Every designer I know works very hard, and deals with quite a bit of stress, every designer needs to find what they love in what they do, and not waste time doing all the other stuff. Julie loves designing for Joanie because she is appreciated, and Joanie wears her clothes with ease.
Julie's designs are fabulous! Classic with a twist; beautiful fabrics, lined slacks, interesting shapes, detailed finishing. Julie has class, and provides quality fashion, for a modest price. She unfortunately doesn't have a website yet. The success of her business manifested through word of mouth.
I wished I would have brought my camera with me.
We had the clothes, shoes and jewelry, location, and a wonderful model. Everything went as planned. Racheal arrived on time, and we met up with Dee as scheduled. Then the fog cleared, giving us some sun highlight in all the right places. We decided to go with two looks, complete with dress, lipstick, and hair changes. I even needed to let go of the updo concept I had prepared, because what was happening with the hair in the moment was lovely. Shooting with Dee Conway was the most pleasurable experience I've had doing hair and make up on location. She has an amazing eye, she is flexible, she goes for what she wants with a light hand. She is creative with her direction, spontaneous, and unafraid to say what she is loving. She could have walked off into the sunset with Racheal, clicking away. I should have let her go down into the meadow. Buy by then, Racheal was getting cold, we had shot for three hours, and I knew we had captured some beautiful images.
Some things are worth doing, just to do it. This shoot brought me so much pleasure, it was truly satisfying. The vision of Racheal, in the woods, looking exquisitly beautiful made me teary eyed, and grateful for the opportunity to create beauty.
For more about Dee, photographer extraordinaire. www.deeconway.com
Thank you Dee, Racheal, and Cari!
Once in awhile you meet someone who reminds you that there is such a thing as past lives lived, and maybe you come back together to continue the dialogue. I had met Laura in the salon I worked at in downtown Oakland for 14 years. She was a long time client of Joni's. Laura is an artist, and we all had met working for the Personal Style Counselors, or PSC, in Oakland back in the 80's. Laura would select color palettes for our clients. After a client received their "harmonies", they would walk down the stairs to our salon, Kay's Collective, to have their hair done by the likes of Joni, myself and fourteen other stylists. All this to say that Laura and I knew of each other, and then, eight years ago, she sat in my chair. This is when we began to explore our connection.
Laura is an artist who truly sees color, and has a deep respect for the canvas, the paint, and her relationship to the craft. Her paintings capture a light essence, and yet her technique shows the depth of her understanding of the medium. Her paintings delight me with her use of color, they are magical and inspirational, and yet I feel if I let myself gaze longer I can enter into the painting, and go many places. After the birth of my daughter, I decided to take a painting class with her, and loved every minute of it. I met Delfina Piretti there, and other delightful women. And so, in our exploration, we not only share PSC in the past, but now the desire to create beauty.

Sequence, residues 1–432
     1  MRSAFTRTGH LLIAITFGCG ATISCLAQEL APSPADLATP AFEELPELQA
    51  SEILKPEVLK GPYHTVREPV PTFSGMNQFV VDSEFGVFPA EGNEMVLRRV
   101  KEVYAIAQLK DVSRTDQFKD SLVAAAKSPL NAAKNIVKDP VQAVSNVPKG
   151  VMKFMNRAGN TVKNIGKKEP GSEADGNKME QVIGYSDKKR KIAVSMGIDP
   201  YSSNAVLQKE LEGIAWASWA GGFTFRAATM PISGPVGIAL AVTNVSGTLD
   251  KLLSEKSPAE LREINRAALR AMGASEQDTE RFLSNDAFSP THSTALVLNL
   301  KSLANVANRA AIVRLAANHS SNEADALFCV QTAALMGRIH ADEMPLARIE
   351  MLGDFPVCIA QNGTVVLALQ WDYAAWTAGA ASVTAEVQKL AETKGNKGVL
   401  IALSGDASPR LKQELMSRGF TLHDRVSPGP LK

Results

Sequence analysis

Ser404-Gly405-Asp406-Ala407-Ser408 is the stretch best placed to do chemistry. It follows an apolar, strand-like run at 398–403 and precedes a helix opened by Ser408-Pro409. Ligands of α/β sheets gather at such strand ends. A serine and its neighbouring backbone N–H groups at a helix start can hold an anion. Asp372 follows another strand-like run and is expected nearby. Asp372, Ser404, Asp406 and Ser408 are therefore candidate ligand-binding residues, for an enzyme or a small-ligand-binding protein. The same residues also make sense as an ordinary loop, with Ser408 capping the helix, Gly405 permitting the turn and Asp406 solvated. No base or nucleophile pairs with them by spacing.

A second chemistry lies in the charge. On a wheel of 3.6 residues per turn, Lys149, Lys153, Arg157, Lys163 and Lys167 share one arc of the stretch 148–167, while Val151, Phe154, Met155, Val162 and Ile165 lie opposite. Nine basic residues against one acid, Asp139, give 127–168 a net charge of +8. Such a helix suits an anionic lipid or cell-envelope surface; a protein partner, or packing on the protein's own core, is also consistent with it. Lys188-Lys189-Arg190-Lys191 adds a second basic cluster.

She not only is a wonderful artist, but a beauty, on the inside and out. She works in the are of Transofrmative Arts. She coaches, she speaks, as well as creates her own art. Her list of accomplishments go on to astound me. She has a great ability to drop down into pithy conversation, and on the other hand, we can laugh, and do. As time goes on, we realize more and more, and appreciate the fact that, indeed, we have known each other a long time. I have tremendous respect for Laura for many reasons, one of which is how she is determined to live a life that contributes to those around her.
To find out more about how talented, and how much this woman offers up to the world, check out her new website www.whitebirdrising.com
Thank you Laura, I look forward to discovering, and remembering our dear connection and how this thread will weave our lives together.
I stand in the very three foot area that my favorite hairstylist has performed her craft for years. It's as if I stand in her own personal museum. Not because there are artifacts of hers hanging around me, or relics of her hair do's that line the wall behind me. I feel as though her energy surrounds me, encourages me, reminds me of the creativity that abounds. I just need to tap in to the resevoir that has lived here long before I have arrived. And, I believe she will haunt us to be kind to each other, to draw upon each others strengths, and let the small stuff fade away. It will be interesting to see how the energy shifts however, how the group of stylists reconfigure around her not being there, and being with what is. Who and what will fill the space. She doesn't leave town till next week. So, we will go have breakfast at one of my favorite places, La Note in Berkeley, and then go to SFMOMA to visit the Freida Kahlo exhibit. Two weeks ago we visited the Annie Leibowitz exhibit at the Veteran's Memorial. I was so impressed with the vulnerability I experienced in viewing her work. My only regret is that we didn't explore our relationship outside of the salon before this. I will cherish every moment as we take in the art, talk and share time with one another.